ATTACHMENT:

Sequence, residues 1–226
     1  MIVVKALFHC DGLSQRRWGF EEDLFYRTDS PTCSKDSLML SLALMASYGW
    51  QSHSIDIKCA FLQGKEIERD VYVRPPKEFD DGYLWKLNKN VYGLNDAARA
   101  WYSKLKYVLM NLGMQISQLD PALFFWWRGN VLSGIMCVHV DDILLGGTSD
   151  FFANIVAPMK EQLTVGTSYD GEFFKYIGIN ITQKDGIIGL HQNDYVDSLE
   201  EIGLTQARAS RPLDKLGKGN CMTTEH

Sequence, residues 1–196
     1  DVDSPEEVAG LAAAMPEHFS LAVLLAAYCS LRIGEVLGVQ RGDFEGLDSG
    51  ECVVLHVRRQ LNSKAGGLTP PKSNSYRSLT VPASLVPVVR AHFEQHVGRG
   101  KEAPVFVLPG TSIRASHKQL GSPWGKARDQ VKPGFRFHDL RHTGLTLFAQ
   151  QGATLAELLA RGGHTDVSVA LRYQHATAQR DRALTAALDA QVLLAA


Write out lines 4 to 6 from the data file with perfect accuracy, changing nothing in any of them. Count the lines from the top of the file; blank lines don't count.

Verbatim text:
   101  WYSKLKYVLM NLGMQISQLD PALFFWWRGN VLSGIMCVHV DDILLGGTSD
   151  FFANIVAPMK EQLTVGTSYD GEFFKYIGIN ITQKDGIIGL HQNDYVDSLE
   201  EIGLTQARAS RPLDKLGKGN CMTTEH